So how much has Croatia changed demographically? Above is the first in a two-part video snapshot of Croatia from 2018 and 2023, just five years later.

We will be analysing and reporting on the current numbers and demographics based on data supplied by the Ministry of the Interior.

There is no question that the number of foreigners – both in the higher-paid IT sector in places such as Rimac and Infobip, and in the service industry – have risen. It will be interesting to see how much. 

And, as the last census shows, there are less Croats here now than a decade ago (population under 4 million). 

Less Croats; more foreigners; strong voices in the diaspora for less foreigners to be allowed into Croatia, as Croatia’s resistance to multiculturalism is heralded as a reason for its safety and strength of identity.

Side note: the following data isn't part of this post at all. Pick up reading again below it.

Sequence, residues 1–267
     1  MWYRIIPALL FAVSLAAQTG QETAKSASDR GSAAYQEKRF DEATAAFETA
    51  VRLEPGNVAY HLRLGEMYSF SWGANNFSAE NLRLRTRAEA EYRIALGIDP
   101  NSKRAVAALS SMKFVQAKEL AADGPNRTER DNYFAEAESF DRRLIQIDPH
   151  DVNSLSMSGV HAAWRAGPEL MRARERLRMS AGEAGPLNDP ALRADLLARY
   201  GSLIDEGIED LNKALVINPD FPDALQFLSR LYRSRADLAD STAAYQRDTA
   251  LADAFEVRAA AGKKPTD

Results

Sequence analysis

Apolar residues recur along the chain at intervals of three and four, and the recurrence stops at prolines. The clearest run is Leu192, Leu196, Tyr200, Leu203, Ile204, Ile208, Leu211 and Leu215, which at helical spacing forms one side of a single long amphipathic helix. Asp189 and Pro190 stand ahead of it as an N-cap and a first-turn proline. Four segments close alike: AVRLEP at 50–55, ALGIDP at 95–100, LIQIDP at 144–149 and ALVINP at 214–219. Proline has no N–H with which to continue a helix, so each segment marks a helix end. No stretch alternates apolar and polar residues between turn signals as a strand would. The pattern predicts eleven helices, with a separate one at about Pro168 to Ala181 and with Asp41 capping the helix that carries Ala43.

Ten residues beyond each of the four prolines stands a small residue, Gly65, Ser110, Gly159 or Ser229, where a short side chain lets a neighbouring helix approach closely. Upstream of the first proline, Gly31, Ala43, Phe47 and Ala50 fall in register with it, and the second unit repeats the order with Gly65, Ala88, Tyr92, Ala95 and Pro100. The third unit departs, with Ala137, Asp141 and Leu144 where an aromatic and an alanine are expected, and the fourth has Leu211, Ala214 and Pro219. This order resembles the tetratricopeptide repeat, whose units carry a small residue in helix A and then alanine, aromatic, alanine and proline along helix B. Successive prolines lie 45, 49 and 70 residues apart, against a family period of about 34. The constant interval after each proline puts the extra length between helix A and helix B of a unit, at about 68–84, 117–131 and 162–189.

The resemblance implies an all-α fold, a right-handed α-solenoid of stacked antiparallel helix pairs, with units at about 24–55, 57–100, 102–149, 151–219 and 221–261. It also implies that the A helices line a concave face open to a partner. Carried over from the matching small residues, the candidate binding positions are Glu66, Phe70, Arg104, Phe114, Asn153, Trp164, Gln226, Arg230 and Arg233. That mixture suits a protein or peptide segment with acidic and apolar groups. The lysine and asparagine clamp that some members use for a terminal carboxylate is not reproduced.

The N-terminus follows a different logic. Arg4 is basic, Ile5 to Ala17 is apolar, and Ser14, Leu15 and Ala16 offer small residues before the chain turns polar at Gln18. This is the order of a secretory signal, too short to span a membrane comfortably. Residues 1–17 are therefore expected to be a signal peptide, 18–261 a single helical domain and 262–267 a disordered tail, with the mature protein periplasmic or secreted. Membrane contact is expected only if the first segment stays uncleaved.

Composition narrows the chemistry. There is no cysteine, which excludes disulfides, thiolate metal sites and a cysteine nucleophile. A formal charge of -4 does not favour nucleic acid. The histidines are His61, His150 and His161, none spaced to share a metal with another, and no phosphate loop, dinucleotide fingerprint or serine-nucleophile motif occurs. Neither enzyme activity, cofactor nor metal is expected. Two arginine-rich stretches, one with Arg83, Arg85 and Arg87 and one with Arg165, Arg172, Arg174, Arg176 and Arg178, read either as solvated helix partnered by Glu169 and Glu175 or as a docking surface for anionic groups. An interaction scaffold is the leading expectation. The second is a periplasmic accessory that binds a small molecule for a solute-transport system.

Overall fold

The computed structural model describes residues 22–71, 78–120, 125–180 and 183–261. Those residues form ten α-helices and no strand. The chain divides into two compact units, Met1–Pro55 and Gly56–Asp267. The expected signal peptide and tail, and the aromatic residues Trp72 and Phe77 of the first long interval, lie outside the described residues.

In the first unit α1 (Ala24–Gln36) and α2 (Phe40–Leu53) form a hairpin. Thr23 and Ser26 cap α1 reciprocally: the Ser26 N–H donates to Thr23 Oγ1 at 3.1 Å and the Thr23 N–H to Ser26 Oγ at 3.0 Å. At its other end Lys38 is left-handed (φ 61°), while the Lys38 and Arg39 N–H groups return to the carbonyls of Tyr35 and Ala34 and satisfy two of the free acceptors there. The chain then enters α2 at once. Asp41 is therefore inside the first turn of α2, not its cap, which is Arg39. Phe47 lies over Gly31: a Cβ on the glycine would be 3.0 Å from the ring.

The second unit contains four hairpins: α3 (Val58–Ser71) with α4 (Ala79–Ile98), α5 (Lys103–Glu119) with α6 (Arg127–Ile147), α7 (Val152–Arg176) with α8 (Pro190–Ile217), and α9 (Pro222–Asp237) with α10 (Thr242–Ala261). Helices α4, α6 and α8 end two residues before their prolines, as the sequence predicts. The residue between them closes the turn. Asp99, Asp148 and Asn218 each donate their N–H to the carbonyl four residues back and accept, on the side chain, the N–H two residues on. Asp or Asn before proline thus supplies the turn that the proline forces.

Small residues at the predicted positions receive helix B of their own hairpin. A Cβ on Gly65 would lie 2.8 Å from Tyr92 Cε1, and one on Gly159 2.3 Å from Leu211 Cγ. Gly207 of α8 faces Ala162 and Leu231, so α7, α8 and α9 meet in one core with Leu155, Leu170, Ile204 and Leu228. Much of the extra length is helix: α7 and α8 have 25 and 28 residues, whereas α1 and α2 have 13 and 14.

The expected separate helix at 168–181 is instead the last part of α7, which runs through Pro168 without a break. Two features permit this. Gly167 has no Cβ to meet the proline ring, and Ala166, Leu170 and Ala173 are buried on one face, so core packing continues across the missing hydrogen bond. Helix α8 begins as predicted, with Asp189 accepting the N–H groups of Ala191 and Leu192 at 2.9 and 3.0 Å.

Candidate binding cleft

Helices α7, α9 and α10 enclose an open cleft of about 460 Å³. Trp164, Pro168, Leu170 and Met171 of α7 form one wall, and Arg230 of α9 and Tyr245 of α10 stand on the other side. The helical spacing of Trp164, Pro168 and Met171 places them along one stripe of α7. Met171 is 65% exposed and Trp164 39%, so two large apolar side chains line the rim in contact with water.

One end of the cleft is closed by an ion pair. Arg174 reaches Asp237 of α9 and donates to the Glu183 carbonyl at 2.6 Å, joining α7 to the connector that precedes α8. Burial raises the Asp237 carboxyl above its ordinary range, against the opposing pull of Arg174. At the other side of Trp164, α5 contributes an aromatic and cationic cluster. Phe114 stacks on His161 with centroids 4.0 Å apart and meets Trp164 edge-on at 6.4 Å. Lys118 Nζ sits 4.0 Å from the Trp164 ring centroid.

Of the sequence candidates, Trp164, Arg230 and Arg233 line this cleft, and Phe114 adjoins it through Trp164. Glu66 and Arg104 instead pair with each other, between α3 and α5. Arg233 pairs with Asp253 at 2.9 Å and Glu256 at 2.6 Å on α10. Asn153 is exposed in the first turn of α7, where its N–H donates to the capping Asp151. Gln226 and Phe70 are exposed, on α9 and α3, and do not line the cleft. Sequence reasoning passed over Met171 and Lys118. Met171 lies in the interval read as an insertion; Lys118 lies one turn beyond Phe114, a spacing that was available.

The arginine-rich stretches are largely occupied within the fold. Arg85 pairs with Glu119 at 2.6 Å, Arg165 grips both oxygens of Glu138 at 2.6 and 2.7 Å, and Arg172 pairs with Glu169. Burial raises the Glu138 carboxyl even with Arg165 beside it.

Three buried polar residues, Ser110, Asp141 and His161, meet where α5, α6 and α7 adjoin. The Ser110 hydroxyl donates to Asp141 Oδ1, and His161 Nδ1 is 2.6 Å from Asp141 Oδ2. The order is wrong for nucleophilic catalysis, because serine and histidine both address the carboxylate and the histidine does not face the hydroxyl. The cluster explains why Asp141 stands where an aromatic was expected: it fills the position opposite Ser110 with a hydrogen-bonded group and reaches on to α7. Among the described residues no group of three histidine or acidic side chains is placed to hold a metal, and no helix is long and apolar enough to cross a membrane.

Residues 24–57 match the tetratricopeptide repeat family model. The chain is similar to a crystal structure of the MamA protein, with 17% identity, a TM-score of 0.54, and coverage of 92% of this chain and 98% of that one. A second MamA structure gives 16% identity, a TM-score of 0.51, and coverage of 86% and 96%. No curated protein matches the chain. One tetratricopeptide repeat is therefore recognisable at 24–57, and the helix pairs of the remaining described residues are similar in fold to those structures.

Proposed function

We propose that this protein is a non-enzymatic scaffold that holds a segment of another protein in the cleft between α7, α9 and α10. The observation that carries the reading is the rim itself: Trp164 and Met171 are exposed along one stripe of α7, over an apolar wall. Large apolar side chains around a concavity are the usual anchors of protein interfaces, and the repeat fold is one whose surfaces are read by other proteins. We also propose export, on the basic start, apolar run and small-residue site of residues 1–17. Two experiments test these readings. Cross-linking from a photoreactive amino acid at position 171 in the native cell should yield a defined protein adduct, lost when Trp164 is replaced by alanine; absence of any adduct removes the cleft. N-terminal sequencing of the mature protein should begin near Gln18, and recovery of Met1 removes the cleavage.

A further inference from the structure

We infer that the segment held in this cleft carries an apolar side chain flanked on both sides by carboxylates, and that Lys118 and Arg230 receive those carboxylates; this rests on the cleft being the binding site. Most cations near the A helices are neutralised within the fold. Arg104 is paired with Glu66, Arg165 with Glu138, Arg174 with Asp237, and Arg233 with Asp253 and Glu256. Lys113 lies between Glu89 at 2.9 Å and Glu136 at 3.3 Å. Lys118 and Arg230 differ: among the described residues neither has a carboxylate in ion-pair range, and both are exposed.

But with Croats leaving and foreginers coming to take the jobs, how to preserve Hrvatska?

It seems that there are two main variables, both in the hands of the Croatian people:

1. A change of politics to a less corrupt and nepotistic society, achieved through the ballot box – Croats are the ones with the vote.

2. The return of the diaspora in large numbers, to play their part to preserve Hrvatska and make it shine. 

Which one is to be? Or is there another way? Interested in your thoughts to [email protected] Subject Preserving Hrvatska. 


What is it like to live in Croatia? An expat for 20 years, you can follow my series, 20 Ways Croatia Changed Me in 20 Years, starting at the beginning – Business and Dalmatia.

Follow Paul Bradbury on LinkedIn.

Subscribe to the Paul Bradbury Croatia & Balkan Expert YouTube channel.

Croatia, a Survival Kit for Foreigners is now available on Amazon in paperback and on Kindle.